Columbus State’s Butler Center Shows Local Consumer Confidence is Lackluster
COLUMBUS, Ga. — A new study from Columbus State University’s Turner College of Business shows local consumers are still feeling the pain from the recent recession.
Benjamin Blair, director of Butler Center for Business and Economic Research, has started a Community Attitude Survey of Columbus households asking them about their impressions of the economy and the community. The questions are patterned after the nationwide survey used to construct the University of Michigan's Index of Consumer Sentiment.
Results from the study’s first survey show local consumers, on average, expressed pessimism when asked if they are worse off now than they were one year ago with a score of 89. A value equal to 100 indicates an equal amount of positive and negative attitudes. A value below 100 indicates relatively more pessimism, and a value above 100 indicates relative optimism.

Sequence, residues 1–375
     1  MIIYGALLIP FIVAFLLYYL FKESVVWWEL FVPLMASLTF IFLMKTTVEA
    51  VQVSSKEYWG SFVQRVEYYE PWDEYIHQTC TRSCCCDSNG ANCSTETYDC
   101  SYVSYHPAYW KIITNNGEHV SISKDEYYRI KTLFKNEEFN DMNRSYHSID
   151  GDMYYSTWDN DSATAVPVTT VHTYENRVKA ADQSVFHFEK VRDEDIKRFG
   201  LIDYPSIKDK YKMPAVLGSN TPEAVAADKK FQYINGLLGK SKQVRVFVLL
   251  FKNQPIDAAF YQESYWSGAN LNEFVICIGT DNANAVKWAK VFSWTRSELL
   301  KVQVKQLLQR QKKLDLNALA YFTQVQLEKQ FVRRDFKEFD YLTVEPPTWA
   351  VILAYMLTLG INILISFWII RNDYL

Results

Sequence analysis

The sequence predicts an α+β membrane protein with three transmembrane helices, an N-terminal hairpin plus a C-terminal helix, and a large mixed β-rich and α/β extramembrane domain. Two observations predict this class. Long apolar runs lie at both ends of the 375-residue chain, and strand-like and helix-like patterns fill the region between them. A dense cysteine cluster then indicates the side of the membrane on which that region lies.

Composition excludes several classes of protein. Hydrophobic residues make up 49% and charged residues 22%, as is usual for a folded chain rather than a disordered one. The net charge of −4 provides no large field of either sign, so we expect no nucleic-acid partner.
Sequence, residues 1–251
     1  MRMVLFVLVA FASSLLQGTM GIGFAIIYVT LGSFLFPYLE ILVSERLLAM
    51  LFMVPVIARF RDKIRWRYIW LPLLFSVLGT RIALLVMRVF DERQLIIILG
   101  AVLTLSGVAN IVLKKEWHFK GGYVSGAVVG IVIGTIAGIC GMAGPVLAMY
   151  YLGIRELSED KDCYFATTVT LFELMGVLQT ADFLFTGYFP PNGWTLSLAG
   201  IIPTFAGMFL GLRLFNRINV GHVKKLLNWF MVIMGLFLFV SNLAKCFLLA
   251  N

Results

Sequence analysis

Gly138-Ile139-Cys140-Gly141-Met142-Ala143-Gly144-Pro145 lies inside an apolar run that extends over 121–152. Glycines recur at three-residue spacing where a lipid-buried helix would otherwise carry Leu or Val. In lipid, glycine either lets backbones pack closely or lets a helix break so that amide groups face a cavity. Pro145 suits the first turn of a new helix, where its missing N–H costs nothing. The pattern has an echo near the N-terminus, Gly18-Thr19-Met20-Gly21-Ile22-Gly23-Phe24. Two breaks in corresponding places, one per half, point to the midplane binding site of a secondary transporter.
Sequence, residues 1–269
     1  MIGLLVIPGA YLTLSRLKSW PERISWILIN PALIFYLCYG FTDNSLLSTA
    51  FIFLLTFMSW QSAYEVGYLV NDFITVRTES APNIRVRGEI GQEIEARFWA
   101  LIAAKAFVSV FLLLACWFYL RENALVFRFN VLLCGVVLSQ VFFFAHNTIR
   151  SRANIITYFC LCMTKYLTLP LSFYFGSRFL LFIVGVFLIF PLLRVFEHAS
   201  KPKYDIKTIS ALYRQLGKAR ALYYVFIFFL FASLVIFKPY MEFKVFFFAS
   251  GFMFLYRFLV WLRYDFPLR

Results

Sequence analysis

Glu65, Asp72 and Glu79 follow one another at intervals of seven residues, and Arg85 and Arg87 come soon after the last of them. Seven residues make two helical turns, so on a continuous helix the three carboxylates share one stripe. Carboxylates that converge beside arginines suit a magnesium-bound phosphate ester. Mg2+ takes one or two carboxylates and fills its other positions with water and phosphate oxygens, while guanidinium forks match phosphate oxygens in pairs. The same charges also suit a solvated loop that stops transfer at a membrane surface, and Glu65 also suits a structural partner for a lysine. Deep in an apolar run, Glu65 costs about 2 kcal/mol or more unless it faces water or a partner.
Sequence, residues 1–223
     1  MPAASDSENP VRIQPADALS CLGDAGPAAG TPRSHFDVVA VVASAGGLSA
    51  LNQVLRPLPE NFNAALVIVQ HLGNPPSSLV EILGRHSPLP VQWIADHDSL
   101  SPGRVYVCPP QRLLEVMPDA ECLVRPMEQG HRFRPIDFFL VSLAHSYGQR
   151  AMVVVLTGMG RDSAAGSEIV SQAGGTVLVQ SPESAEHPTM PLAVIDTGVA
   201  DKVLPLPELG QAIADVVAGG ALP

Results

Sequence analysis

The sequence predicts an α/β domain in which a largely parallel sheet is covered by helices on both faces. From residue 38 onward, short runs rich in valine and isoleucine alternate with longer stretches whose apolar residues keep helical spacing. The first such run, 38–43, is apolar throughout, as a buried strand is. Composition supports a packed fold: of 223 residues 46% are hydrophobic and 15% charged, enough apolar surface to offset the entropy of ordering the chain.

Other key findings:
- Respondents indicate that it’s a good time to make major purchases. (This seeming contradiction could be due to their overall positive perceptions about their household’s economic situation in the coming year.)
- Households surveyed expressed optimism when asked if they think that a year from now their household will be better off financially, worse off or just about the same
- Local households consider the top three issues of greatest concern to families are affordable health care, rising prices and having enough income
- Somewhat dramatic is the degree of negative sentiment regarding the national economy
Quote: “The degree of this latter pessimism is the reason the overall measure reflects negative consumer sentiment. In the future we will use the consumer sentiment measures from this survey as benchmarks and create index numbers in order to gauge changes in local consumer sentiment.”
– Benjamin Blair
CSU’s Sarah T. Butler Distinguished University Chair in Business and Finance
See the report in its entirety at 2013 Community Attitude Survey.